Recirculating Aquaculture System Design 

With Palom's unique, recirculating aquaculture system design and permits, your farm gives the skeptical consumer piece-of-mind. 

Even the best recirculating aquaculture system design requires a great site.  "We are ready.” All the key permits are current.  We also negotiated the maximum pollution allowable in our effluent, allowing you design and operational flexibility.  We underwrote our Maine EPA Discharge Permit, and Army Corps Permit assuming a 10% flow-through rate but created the farm for less than 5% discharge.  Here is a satellite view of the site in Gouldsboro, Maine.  The site was a former US Navy antenna station and resembles a “bulls-eye” from space.  Palom is the first company to be awarded such a permit in the United States. 

Palom Aquaculture - Phase IPlatt Plan Phase I

(Above) Recirculating aquaculture system design replaces Naval Engineering - The first picture from the air shows the complete Gulf of Maine Aquaculture Business Park. The red arrow indicates the location of Palom within the Park. The Park's driveway enters into Corea Road. To the left of the red arrow sits Prospect Harbor, the source of our seawater. To the right of the red arrow is the Village of Corea. The Park is 40 acres or 16 hectares, Palom owns almost 30 acres.

The second picture above shows the ring of crushed rock creating the surface of the farm site. This circle was a former Naval antenna array decommissioned in the late 1990's. The red highlights the footprint of the first of two farms. The diameter of the circle is about 330 meters or about 1,000 feet. Units of measure above in feet.

Aquaculture Engineering - PalomAerial View Toward Northwest

(Above) Southeast Side of Farm -  As the farm engineering is modular, we depict 10 tanks above. A five tank system would be the minimum size which makes economic sense. This minimum closed containment system would produce about 600 to 1,000 metric tons of market weight North Atlantic Salmon.  

Aquaculture Engineering - PalomAerial View From South Side

(Above) Aerial View - Land based RAS are very similar with regard to engineering. However, each farm must design for its specific location and species. In this depiction, smolt would enter from the right and move to the left as they mature. Brown represents the growing tanks where gray shows harvesting tanks. A mezzanine and flyover allow easy viewing access of the fish. Notice the separate mechanical room housing the biofilters, mechanical filters and the Co2 degassing equipment. The dark black equipment is the location of the incoming raw sea water.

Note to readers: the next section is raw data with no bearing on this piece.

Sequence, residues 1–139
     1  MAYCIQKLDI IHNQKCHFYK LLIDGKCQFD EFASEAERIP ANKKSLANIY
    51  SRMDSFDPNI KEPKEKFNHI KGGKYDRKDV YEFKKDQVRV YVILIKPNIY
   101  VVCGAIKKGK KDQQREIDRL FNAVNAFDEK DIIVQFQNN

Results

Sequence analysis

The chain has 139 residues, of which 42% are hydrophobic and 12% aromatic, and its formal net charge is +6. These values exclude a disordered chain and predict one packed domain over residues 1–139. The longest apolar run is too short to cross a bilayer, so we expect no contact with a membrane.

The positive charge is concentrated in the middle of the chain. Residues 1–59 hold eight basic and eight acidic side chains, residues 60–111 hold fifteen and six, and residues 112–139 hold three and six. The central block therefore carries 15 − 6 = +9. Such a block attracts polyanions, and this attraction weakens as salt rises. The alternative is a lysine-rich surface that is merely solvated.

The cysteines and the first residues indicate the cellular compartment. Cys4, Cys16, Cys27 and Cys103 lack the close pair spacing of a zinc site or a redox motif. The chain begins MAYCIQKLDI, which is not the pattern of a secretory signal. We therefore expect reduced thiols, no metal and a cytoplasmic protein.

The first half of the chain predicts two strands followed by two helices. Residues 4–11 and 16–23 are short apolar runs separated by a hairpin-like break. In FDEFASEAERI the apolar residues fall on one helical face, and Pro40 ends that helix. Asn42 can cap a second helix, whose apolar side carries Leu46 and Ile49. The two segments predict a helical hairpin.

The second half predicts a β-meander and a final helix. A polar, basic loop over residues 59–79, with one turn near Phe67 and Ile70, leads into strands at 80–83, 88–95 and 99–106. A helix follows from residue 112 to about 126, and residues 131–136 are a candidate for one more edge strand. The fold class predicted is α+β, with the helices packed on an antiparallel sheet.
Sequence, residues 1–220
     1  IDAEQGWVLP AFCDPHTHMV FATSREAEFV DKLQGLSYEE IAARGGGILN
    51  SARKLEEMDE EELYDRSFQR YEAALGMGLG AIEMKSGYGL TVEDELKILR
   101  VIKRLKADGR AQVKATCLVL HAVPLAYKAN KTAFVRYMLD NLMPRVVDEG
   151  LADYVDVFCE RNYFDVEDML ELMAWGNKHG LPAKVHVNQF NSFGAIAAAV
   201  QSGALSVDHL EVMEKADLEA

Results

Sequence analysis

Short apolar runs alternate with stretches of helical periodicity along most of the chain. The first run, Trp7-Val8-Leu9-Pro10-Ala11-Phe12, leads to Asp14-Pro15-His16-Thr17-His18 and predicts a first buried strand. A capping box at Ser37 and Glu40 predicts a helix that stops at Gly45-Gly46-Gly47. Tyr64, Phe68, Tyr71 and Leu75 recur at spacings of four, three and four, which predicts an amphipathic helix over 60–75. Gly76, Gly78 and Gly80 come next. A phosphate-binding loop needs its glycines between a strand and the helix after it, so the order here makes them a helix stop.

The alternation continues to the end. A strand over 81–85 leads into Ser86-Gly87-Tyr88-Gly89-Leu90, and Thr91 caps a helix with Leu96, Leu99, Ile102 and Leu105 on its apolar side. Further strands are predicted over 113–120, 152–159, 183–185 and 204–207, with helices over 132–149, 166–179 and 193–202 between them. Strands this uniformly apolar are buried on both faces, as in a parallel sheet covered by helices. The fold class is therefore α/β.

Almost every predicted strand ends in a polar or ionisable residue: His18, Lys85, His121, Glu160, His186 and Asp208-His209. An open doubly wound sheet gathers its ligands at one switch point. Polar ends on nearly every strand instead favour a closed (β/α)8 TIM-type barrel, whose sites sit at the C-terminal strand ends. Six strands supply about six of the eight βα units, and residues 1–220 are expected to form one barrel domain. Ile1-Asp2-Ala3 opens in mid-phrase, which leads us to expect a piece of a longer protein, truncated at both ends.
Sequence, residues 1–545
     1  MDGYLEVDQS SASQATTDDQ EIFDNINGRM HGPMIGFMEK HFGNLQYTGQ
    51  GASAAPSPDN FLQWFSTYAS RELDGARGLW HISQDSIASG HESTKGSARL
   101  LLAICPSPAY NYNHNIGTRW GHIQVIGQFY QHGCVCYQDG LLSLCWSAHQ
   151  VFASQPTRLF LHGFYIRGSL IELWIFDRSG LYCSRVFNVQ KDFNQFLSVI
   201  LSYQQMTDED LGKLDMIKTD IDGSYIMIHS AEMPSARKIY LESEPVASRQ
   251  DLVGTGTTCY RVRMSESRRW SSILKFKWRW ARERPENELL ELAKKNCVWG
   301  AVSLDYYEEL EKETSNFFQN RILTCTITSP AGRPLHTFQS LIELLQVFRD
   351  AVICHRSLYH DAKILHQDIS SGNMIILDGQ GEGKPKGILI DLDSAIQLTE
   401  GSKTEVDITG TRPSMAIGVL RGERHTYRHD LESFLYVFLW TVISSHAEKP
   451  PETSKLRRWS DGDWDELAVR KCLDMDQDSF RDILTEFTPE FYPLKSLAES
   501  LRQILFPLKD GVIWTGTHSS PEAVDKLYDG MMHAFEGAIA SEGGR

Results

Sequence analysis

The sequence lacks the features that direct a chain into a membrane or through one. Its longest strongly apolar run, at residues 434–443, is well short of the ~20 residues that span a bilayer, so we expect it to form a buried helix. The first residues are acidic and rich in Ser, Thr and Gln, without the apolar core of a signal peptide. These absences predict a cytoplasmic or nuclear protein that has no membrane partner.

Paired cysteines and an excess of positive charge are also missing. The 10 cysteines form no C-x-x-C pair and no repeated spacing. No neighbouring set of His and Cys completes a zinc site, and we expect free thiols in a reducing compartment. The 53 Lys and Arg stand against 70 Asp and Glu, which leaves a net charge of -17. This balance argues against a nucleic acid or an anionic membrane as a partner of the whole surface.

Aquaculture Engineering - PalomInside View Looking South

(Above) View From Mezzanine - Continuous actual monitoring of the fish allows staff to develop a keen eye for abnormal behavior as computer monitors are quite limiting. With the complete closed containment protected from the weather, there is no excuse for "not making the rounds". As wonderful as motion sensor cameras are, we believe that the human element can never be substituted.

Aquaculture Engineering - PalomView From Driveway Looking Northeast

(Above)  Inside the farm next to the harvesting tanks. Mezzanine is off in the distance. Trucks would pick up harvested fish in this area. View from driveway looking northeast.

Marine Park and Facilities

Virtual Tours of Land and Proposed Facilities 

Before Palom's Recirculating Aquaculture System Design

(Above) South westerly view of the park with Prospect Harbor in the background. Palom will develop the center, Building 85, and the half of the circle closest to the viewer, lots 1, 2 and 3. The half of the circle closest to the sea will be covered with a solar array for electricity.

The formal name of the circular antenna array is the Wullenweber Circularly Disposed Antenna Array (CDAA). Many called it the "elephant cage". In the pre-satellite age, the military used this configuration to triangulate radio signals for radio navigation, intelligence gathering and for search-and-rescue. The Navy decommissioned the base in 2000.

Locals remember that the Navy needed the base quickly built in the early 1960's. For one full year, the navy contracted with local quarries for crushed rock to be dumped onto the bog, truckload after truckload. The shear weight of 6 meters of stone compacted the bog down to the region's pink granite creating a stable base on which to build.

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